@@ -66,7 +66,7 @@ The only source code that should *not* be submitted to the inventory is code tha
#### How to add your source code repository to the inventory
If you have determined that your source code repository should be included in the inventory, how you submit it depends on where it is located: [GitHub](https://github.com/) or elsewhere.
If you have determined that your source code repository should be included in the inventory, the submission process depends on where it is located: [GitHub](https://github.com/) or elsewhere.
##### If your source code is on GitHub
@@ -127,7 +127,7 @@ If your source code is in a version control system other than the GSA organizati
### How to open source
#### Modern code management practices
You should begin with reading [12Factor](https://12factor.net/) principles for code management, particularly [#1](https://12factor.net/codebase) and [#3](https://12factor.net/config) for proper modern code management practices. Questions around code base exposure commonly arise when out evangelizing OSS for the Agency. This is telling that we are not considering modern code management.
You should begin with reading [12Factor.net](https://12factor.net/) principles for code management, particularly [#1](https://12factor.net/codebase) and [#3](https://12factor.net/config) for proper modern code management practices. Questions around code base exposure commonly arise when we are out evangelizing OSS for the Agency. This suggests that we are not familiar with modern code management.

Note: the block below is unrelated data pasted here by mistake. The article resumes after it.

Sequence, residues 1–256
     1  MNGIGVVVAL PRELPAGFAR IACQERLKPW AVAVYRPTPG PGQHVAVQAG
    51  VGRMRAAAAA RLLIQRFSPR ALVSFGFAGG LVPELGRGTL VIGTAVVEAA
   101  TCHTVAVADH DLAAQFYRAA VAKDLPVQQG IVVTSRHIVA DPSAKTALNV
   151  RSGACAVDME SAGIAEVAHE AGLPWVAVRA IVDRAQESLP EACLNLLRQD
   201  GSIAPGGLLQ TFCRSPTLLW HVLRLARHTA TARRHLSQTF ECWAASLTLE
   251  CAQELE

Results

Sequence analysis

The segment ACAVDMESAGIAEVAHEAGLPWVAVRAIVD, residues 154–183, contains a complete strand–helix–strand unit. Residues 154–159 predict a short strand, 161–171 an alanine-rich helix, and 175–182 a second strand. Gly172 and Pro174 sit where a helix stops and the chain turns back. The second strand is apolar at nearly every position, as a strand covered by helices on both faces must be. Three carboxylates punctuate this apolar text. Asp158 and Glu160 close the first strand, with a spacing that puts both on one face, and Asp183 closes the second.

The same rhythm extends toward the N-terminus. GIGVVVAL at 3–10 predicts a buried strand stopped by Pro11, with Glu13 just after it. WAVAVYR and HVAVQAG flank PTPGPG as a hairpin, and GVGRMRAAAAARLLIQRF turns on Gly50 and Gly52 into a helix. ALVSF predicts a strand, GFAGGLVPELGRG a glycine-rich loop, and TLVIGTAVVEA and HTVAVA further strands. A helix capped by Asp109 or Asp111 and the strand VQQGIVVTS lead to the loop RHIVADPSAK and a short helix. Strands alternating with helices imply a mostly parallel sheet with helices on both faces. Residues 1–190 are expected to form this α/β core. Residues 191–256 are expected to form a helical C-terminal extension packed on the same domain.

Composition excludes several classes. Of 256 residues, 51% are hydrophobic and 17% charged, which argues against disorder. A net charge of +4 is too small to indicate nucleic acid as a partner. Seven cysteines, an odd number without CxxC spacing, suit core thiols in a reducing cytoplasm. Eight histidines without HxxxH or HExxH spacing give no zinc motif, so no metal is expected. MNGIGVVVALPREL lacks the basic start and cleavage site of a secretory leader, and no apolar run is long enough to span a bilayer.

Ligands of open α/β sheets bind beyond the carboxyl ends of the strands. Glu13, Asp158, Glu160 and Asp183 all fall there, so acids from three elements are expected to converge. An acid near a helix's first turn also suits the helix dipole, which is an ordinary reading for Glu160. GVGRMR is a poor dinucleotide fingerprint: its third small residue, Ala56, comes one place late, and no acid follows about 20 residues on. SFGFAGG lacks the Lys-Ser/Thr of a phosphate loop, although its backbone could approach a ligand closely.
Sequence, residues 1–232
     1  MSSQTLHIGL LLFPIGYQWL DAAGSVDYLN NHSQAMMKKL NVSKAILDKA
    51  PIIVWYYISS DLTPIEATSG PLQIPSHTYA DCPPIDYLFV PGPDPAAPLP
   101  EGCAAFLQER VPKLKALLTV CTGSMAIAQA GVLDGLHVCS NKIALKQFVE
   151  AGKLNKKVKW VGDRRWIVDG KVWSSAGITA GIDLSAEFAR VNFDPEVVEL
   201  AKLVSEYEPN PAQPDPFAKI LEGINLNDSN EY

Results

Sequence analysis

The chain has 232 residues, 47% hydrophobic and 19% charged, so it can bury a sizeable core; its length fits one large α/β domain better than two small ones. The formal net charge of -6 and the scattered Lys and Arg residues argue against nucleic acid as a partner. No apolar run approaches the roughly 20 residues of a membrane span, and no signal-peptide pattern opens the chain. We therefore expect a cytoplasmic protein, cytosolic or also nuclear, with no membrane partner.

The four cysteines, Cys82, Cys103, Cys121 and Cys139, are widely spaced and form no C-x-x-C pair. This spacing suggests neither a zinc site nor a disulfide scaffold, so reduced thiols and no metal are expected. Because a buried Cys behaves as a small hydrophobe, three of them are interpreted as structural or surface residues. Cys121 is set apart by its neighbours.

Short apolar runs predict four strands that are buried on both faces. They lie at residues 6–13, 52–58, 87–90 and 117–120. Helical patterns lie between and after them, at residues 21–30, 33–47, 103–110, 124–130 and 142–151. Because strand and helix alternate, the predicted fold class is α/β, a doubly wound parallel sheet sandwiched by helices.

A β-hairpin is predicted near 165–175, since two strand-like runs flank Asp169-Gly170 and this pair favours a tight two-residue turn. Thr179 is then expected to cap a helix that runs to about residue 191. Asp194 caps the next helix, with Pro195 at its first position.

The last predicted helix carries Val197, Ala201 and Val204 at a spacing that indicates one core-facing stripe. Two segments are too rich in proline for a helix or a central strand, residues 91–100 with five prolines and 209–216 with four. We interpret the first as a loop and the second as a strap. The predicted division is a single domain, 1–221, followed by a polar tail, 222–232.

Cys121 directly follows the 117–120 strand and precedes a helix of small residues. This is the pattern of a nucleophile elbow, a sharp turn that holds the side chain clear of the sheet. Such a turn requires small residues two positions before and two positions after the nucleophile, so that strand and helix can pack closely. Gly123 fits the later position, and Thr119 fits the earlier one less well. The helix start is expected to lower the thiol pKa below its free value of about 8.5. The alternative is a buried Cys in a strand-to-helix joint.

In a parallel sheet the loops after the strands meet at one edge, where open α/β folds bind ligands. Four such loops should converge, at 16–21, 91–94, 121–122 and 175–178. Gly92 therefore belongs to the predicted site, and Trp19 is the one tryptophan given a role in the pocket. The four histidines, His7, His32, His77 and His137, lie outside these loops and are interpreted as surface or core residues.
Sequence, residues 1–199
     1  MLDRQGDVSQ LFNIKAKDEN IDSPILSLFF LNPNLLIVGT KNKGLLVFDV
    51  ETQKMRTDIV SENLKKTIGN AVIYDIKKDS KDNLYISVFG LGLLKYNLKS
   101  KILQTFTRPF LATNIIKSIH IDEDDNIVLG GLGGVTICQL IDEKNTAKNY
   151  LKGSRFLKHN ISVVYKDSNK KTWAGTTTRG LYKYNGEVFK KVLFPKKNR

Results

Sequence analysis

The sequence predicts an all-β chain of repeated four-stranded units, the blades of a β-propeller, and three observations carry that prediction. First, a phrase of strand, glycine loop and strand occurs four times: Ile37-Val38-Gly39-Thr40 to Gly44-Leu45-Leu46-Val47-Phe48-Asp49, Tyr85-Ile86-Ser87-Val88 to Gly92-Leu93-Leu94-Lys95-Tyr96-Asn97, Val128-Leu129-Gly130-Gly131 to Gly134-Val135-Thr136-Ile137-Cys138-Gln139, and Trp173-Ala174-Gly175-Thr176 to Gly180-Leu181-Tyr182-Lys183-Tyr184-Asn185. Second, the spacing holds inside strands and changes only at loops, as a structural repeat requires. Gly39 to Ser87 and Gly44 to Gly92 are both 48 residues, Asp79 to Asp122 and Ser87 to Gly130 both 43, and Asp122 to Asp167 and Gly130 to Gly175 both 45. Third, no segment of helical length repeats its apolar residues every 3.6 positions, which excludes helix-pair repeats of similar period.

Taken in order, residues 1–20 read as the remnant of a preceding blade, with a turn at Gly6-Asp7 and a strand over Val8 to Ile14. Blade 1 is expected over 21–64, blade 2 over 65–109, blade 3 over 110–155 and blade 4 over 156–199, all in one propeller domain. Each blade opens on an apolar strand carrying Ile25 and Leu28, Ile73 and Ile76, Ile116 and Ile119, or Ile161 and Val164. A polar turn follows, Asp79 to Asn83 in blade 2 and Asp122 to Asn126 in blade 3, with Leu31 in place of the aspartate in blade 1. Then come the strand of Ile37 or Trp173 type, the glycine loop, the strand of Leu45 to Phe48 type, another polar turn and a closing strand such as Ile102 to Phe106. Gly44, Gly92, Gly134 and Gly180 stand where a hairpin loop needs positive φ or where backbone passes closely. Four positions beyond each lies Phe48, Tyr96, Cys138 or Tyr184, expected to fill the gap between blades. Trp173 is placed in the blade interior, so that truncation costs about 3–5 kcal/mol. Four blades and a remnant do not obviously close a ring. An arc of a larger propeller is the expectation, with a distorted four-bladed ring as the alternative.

Furthermore, the twelve factors are for consideration with modern DevOps practices for custom SaaS. Each of our applications should be considered this way as we move away from large system type approaches, to scalable and manageable applications.
@@ -136,22 +136,22 @@ In particular, this approach supports one version of the *truth* in code and sup
#### Scanning code for public release
As good IT project management and development practice, project teams should be conducting regular code reviews. This should be done in coordination with the contractor teams. One easier way to do this is for all project members to be included in the VCS (Version Control System) and to schedule regular code reviews. This should not be done at the end of a contract, rather should be done through every development/release cycle.
Furthermore, the project team should be working with the IT security office to conduct regular code scans. The CTO team works regularly with security and is creating two scripts ([#1](https://github.com/GSA/codeinventory-github) and [#2](https://github.com/GSA/codeinventory)) that project teams can use to scan their code. These scans are different than thos done by IS as they are specific to the code to be released. The scripts scan all files for sensitive content.
Furthermore, the project team should be working with the IT security office to conduct regular code scans. The CTO team works regularly with security and is creating two scripts ([#1](https://github.com/GSA/codeinventory-github) and [#2](https://github.com/GSA/codeinventory)) that project teams can use to scan their code. These scans are different than those done by security, as they are specific to the code to be released. The scripts scan all files for sensitive content.